US, Russia to discuss arms control in Geneva
The United States will send a high-level delegation to discuss arms control issues with the Russian side in Geneva later this week, US media reported on Monday. According to the New York Times, US Deputy Secretary of State John Sullivan will head US delegation, which also includes staff from the National Security Council, Pentagon, and other agencies. Sergei Ryabkov, the deputy foreign minister, will lead the Russian delegation.
The arms control regime between Washington and Moscow has been under erosion. The White House's decision to withdraw from the Intermediate-Range Nuclear Forces (INF) Treaty will take effect next month. Meanwhile, the United States has expressed disinterest in extending the New Strategic Arms Reduction Treaty (START), which will expire in 2021.
The collapse of the 1987 INF treaty, which banned ground-launched missiles with a range of 500 to 5,500 kilometers, has sparked fears of a new arms race in Europe. New START restricts both the US and Russia to 1,550 deployed strategic nuclear warheads on a maximum of 700 deployed intercontinental ballistic missiles and strategic bombers.
Daryl Kimball, director of the US Arms Control Association, has advocated for a five-year extension of New START, saying there is no chance a new agreement adding China can be negotiated before the treaty expires in 2021.
“It would malpractice to discard New START in the hopes of negotiating a more comprehensive, ambitious nuclear arms control agreement with Russia and China and getting it ratified and into force,” according to Kimball, who accuses the Trump administration of dithering for more than a year before beginning talks.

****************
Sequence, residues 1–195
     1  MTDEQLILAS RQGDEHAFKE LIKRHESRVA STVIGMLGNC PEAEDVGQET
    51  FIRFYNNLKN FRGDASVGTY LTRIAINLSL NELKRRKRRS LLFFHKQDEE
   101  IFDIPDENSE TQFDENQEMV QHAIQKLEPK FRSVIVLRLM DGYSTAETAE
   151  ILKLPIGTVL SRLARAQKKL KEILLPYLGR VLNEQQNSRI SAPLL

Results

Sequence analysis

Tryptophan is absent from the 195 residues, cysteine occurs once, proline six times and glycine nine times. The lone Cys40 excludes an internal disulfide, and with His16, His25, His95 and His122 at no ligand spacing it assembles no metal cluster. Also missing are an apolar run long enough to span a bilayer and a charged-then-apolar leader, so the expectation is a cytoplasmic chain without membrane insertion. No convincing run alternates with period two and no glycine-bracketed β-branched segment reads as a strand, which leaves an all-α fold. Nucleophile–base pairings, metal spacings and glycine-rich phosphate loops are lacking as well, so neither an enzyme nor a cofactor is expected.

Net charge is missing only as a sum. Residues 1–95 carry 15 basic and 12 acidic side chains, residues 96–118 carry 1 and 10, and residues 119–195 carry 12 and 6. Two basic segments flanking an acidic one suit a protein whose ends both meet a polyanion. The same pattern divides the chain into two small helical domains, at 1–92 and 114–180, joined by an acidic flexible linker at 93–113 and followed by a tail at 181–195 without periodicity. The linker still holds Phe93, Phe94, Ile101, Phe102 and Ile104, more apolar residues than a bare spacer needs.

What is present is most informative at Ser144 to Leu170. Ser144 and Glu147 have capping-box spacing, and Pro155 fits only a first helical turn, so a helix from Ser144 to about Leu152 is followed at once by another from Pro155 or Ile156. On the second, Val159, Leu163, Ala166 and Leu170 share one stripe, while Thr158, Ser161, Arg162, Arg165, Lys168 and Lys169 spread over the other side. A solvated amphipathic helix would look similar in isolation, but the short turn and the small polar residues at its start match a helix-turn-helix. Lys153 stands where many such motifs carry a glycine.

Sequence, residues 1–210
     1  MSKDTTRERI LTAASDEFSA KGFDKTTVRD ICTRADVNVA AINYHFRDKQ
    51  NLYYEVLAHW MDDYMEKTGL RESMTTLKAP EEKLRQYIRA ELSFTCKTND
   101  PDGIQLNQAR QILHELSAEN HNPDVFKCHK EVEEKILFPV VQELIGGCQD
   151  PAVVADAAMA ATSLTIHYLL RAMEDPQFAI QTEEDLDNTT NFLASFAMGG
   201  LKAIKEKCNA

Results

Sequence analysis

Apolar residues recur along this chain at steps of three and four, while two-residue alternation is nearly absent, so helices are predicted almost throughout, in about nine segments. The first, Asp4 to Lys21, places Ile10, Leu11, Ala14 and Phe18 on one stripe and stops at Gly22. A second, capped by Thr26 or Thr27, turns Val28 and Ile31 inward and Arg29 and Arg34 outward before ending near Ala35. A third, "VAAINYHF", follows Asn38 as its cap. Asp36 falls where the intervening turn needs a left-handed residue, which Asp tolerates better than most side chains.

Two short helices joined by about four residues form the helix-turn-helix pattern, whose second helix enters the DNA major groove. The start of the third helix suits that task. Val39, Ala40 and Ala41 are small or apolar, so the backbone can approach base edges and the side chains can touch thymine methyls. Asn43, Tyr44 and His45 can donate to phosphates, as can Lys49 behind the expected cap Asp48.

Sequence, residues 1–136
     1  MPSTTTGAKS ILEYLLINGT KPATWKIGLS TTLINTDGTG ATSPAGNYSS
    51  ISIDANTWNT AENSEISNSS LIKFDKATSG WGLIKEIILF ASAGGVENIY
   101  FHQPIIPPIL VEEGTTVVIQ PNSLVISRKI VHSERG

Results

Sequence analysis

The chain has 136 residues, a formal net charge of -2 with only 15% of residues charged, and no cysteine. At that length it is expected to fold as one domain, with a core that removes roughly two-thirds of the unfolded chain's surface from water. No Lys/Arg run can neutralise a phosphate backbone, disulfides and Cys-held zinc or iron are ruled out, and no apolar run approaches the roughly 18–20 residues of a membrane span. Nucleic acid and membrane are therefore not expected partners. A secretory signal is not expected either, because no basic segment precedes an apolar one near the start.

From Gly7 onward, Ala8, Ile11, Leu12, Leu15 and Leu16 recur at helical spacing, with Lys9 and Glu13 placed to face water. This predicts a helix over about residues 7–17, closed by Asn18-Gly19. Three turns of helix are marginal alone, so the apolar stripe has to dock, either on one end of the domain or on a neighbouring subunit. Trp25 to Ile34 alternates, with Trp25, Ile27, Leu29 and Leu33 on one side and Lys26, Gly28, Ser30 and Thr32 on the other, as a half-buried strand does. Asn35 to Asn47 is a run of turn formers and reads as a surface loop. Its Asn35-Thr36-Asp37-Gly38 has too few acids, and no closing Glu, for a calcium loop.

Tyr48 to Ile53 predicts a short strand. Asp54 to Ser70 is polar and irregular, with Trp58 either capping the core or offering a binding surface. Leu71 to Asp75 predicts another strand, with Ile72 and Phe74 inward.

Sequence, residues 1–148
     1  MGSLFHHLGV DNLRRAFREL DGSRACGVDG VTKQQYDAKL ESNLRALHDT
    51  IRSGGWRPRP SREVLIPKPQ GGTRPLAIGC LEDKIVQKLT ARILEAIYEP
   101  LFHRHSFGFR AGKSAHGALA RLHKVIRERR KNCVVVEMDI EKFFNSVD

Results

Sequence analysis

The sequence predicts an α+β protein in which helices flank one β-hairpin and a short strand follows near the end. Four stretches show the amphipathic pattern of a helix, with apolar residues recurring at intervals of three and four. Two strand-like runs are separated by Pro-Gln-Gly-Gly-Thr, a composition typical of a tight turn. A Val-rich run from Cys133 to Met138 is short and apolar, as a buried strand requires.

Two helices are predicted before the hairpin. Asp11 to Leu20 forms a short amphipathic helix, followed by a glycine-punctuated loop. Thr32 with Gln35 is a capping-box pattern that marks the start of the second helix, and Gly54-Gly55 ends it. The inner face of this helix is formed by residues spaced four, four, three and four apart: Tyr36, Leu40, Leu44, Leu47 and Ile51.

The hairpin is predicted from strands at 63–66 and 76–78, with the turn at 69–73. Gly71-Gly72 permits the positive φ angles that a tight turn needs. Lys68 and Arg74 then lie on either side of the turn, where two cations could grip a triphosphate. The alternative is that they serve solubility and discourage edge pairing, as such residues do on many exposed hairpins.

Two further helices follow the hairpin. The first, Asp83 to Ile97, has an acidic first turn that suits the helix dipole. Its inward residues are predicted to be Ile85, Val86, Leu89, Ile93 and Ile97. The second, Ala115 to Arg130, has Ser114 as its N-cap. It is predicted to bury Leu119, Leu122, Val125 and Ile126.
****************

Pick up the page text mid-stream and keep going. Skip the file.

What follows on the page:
Before the Group of 20 summit last month in Japan, Russian President Vladimir Putin said he planned to push President Donald Trump for an extension to New START. Putin said his nation was ready to agree to an extension, but that Russia had not seen any initiative from the Americans even though the treaty expires in 2021.
At the same time, Russia also has expressed an interest in multilateral arms control deals, according to one of the administration officials, who spoke on condition of anonymity to discuss the issue ahead of the talks Wednesday in Geneva. The senior administration officials said any comprehensive dialogue about the thorny issues of arms control has been made difficult by a series of actions by Moscow: interfering in the 2016 US presidential election, poisoning a former spy and his daughter in Britain, capping the size of the US Embassy in Russia, and seizing Ukrainian vessels.
The latest talks are being held just months after the Trump administration pulled the plug on a separate nuclear arms treaty with Russia. Washington accused Moscow of violating the 1987 Intermediate-Range Nuclear Forces treaty with “impunity” by deploying banned missiles. Moscow denied it was in violation and has accused the United States of resisting its efforts to resolve the dispute.
Democrats in Congress and some arms control advocates criticized Trump’s decision as opening the door to an arms race, but Trump said the United States cannot be the only country in the world unilaterally bound by the treaty.